Prior to the November elections, there was a state-wide push from elected officials and special interest groups to continue Minnesota’s lax election standards, since the election several of the same individuals have decided to push for even fewer regulations on voting, including bringing early voting and out-of-precinct voting to the state. One elected official however has backtracked on his prior comments.
In September, Mower County Auditor Doug Groh gave an interview published in the Austin Daily Herald “(Groh) ...said he has no doubts in the current voting system, despite a push to require voters to use photo IDs. “In Mower County, I do not have a concern in the integrity of our elections,”” and was cited by the campaign opposed to the Voter ID amendment.
Fast forward to November 21st, when possible voter fraud was uncovered and concern for the integrity of Mower County’s elections was raised after it was suspected that three non-citizens had potentially voted illegally, two allegedly knowingly. Mr. Groh stated "The election process needs to be tightened up". Shortly after that comment was made, three men from Austin were charged with voter fraud (Friday November 30th).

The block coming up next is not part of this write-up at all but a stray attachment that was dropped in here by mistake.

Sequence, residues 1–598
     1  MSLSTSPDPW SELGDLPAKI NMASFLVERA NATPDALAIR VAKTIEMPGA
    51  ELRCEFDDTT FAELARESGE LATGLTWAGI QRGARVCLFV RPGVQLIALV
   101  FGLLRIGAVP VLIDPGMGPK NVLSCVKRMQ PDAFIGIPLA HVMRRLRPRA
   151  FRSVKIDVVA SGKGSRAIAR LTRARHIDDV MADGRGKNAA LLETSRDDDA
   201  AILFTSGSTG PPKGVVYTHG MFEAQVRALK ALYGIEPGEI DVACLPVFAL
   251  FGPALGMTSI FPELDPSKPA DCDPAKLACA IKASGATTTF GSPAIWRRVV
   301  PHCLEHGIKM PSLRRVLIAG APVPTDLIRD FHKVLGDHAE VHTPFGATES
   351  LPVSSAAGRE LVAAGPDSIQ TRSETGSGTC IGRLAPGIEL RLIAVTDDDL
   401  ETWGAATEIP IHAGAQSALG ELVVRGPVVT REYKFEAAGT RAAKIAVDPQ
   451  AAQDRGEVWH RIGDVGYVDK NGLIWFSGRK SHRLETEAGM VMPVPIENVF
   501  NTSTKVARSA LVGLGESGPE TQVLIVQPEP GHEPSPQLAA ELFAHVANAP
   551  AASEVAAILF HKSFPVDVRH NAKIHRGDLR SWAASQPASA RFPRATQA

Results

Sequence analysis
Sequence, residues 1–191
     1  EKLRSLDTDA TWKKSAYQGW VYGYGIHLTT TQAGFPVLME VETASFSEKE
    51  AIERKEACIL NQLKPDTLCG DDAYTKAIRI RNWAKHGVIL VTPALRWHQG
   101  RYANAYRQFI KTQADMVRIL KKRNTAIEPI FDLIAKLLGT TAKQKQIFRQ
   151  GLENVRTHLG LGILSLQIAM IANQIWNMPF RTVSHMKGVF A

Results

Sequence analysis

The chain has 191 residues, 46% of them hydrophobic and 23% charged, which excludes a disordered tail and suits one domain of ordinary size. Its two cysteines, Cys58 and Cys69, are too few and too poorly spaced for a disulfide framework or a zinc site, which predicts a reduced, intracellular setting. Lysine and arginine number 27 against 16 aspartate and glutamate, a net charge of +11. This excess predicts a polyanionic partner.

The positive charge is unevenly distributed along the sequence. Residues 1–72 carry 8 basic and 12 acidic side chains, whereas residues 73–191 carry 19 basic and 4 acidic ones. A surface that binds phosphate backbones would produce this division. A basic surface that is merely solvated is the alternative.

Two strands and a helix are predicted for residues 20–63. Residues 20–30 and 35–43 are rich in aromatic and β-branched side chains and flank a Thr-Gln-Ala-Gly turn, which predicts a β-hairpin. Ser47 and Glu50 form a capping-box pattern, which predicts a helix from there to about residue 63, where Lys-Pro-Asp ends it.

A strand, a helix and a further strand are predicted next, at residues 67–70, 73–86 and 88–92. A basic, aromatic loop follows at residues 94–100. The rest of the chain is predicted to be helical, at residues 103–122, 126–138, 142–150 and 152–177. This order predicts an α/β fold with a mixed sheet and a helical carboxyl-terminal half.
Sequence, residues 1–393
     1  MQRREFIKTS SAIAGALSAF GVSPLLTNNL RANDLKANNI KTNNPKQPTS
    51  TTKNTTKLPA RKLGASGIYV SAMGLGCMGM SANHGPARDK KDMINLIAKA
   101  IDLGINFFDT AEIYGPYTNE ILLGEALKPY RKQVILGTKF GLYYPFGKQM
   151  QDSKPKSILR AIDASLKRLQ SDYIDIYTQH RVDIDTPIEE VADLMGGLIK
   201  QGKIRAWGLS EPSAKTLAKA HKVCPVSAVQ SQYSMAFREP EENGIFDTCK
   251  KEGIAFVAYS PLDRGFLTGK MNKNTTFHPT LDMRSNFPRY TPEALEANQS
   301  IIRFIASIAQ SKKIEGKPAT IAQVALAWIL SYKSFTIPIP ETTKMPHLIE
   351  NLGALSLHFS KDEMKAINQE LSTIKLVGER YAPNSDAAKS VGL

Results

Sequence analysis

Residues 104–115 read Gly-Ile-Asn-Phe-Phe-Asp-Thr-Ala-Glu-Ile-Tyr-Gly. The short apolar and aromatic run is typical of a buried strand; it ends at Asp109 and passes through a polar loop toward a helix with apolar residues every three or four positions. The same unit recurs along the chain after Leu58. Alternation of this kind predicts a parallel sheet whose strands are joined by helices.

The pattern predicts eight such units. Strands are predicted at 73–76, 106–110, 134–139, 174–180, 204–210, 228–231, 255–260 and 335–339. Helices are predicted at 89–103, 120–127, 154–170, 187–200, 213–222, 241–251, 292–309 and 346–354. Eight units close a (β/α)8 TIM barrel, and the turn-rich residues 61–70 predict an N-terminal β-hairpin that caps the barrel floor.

This is exactly the scenario in which opponents of Voter ID said that it would not eliminate, due to the fact that non-citizens have ID — however subsection (c) of the proposed amendment would have in fact eliminated this problem by requiring eligibility verification of all voters before a ballot was cast, or counted.
The fact is that technology exists to verify identity and eligibility of voters at the polling place, and Minnesota’s election system is out of date. While election judges are overwhelmed on election day with same day registrants, after the election things do not get better when all the information needs to be hand entered into the system and verified (after ballots have been counted). Electronic poll books were a possible solution pushed by opponents of Voter ID including Secretary of State Mark Ritchie. However when it came to cost estimates of the proposed Voter ID amendment the largest single component of any estimate came from utilizing “E-poll books”, a fact conveniently ignored by opponents.
Now that Voter ID is presumably off the table with a DFL controlled legislature and Governor Dayton’s veto at the ready (despite the legislation being “sent back”), the question becomes, will the past proponents of “e-poll books” continue their push? Minnesota’s election system needs change, and “E-poll books” are a small move in the right direction to catching up with the 21st century. Now it’s time to wait and see.
Final thought: “Minnesota has no voter fraud.”
(Photo from Our Vote Our Future's video “A Simple Thing")